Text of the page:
As directed by Sam Mendes (American Beauty), the movie remains very loyal to the language and vision of the book, but it doesn’t entirely work as the film needs something more than a literal translation to bring out its full potential. Mendes’ stark and, at times, apocalyptic visuals add a lot and strike the right tone: wide shots of inky-black oil raining down on the vast, empty desert from flaming oil wells contrasted with close-ups of crude-soaked faces struggling through the mire vividly bring to life the meaning of the tagline “welcome to the suck.” But much of the second half of the movie will probably leave some viewers feeling disappointed in the cinematic experience, while others might appreciate its microcosmic depiction of modern chaos and aimlessness. Jarhead is one of those examples where the book is better than the movie, but not for lack of trying. --Dan Vancini

Product Description

Genre: Drama
Rating: PG13
Release Date: 25-NOV-2008
Media Type: Blu-Ray

Customer Reviews

Most helpful customer reviews
7 of 7 people found the following review helpful
4.0 out of 5 stars This is not an action movie, and that's ok... Feb. 10 2006
DISCLAIMER: Jarhead is not, repeat NOT, an action movie; if you watch it expecting to see a boatload of action, combat, or lame one-liner's you WILL be disappointed. What you should be expecting to see is a great rendering of what life was like for a US Marine during Desert Storm. The story is unique, the writing and characters and acting are dead-on, the cinematography outstanding and at times surreal, but most importantly it just feels right. This is one of the best movies I saw in 2005 and I recommended it to anyone who's tastes have evolved beyond typical "war" movies.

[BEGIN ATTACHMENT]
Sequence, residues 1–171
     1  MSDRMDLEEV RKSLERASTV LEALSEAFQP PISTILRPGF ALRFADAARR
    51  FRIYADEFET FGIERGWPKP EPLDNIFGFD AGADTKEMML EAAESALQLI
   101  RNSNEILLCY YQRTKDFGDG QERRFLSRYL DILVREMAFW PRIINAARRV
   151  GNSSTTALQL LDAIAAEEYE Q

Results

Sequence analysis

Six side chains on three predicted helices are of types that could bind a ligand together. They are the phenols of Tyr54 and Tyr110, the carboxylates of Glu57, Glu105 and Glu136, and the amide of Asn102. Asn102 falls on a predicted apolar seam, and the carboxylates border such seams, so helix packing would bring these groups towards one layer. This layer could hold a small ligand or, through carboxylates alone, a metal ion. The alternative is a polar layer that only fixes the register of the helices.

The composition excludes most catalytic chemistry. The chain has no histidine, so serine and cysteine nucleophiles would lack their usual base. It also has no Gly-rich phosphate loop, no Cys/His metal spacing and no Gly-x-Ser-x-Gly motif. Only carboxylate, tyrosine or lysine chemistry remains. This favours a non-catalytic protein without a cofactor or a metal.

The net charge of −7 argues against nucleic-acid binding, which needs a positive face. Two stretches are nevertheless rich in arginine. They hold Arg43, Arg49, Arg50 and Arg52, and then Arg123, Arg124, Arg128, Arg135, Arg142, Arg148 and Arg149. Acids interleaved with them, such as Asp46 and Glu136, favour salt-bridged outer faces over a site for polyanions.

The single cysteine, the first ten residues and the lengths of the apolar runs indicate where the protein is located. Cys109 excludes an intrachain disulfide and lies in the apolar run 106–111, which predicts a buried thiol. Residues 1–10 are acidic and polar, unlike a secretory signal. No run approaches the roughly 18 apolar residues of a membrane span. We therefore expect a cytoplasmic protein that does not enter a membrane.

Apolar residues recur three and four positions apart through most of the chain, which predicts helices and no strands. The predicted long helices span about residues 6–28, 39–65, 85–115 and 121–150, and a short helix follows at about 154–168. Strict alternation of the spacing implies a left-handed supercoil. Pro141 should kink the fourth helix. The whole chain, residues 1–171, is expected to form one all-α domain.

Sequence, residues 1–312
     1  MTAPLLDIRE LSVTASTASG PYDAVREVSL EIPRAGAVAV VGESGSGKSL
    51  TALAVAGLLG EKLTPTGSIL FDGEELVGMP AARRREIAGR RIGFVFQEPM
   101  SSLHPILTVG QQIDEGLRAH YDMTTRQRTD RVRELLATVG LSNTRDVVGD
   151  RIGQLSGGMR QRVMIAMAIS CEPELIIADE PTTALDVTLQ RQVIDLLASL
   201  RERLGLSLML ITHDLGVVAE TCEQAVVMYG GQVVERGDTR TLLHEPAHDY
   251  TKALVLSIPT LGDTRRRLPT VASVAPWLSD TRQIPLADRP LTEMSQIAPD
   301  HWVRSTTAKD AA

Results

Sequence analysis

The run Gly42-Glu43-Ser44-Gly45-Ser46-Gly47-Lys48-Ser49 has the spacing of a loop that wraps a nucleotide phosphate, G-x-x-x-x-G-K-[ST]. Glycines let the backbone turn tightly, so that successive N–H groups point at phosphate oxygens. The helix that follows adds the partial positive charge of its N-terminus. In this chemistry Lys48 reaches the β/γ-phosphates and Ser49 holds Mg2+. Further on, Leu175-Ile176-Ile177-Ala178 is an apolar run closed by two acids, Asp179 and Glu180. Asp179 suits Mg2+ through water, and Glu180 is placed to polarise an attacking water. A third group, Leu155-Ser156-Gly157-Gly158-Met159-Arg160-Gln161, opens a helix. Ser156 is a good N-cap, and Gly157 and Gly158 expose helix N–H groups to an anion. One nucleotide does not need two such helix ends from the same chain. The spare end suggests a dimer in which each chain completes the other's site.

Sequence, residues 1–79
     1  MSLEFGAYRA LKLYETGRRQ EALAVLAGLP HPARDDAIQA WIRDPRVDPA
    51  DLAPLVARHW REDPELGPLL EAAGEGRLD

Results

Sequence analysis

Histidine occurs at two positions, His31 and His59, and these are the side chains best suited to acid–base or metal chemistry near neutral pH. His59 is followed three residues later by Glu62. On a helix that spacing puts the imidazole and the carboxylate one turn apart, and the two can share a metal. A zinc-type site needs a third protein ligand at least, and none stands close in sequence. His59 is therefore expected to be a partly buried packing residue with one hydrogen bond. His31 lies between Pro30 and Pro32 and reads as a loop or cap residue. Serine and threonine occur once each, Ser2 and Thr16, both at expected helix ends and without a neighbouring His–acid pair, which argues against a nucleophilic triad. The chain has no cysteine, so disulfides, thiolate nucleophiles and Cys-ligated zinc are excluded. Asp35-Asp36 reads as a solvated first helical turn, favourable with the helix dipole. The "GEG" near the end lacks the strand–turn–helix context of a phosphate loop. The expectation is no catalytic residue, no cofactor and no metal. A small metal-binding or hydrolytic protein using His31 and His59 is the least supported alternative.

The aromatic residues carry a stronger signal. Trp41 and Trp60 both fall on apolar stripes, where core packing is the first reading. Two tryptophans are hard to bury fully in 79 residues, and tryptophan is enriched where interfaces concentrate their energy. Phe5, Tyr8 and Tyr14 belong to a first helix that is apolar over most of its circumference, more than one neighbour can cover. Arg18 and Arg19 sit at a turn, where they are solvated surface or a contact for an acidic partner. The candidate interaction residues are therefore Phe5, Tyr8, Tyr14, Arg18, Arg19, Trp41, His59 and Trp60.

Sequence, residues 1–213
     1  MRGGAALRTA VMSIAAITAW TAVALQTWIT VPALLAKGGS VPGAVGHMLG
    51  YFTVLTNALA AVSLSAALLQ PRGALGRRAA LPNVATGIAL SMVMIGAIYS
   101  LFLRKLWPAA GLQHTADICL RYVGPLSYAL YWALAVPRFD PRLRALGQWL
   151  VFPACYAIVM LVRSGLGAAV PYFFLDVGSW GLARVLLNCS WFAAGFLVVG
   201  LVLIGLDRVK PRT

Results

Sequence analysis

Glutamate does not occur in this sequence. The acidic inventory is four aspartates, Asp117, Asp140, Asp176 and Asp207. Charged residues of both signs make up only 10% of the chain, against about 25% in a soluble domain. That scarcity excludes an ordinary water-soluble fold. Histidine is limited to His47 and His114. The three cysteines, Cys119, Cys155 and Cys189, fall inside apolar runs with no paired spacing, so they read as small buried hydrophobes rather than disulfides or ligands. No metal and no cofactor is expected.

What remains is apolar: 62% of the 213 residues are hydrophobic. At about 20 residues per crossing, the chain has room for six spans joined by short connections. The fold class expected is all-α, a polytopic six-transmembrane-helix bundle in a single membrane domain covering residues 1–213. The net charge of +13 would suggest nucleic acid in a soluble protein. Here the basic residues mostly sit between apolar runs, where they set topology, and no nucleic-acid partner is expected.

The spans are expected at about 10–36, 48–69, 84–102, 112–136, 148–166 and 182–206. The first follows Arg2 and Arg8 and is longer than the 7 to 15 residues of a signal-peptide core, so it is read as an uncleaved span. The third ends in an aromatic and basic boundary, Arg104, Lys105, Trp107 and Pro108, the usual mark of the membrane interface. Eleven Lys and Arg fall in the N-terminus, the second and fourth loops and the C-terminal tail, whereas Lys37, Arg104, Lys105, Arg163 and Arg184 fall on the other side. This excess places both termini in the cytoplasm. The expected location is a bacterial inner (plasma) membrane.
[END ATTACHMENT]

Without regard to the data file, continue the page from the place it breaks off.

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6 of 6 people found the following review helpful
4.0 out of 5 stars Semper fi March 5 2006
The film 'Jarhead' is based on a book of the same name by by Anthony Swofford; both the book and the film are bound to make some people angry. A Marine sniper (STA) during Desert Storm I in the early 1990s, he recounted his experiences there with vivid emotion, weaving in his experiences of boot camp, adolescence, and civilian life after the Corps in the process. This is now a major motion picture chronicling many aspects of his story, with significant differences.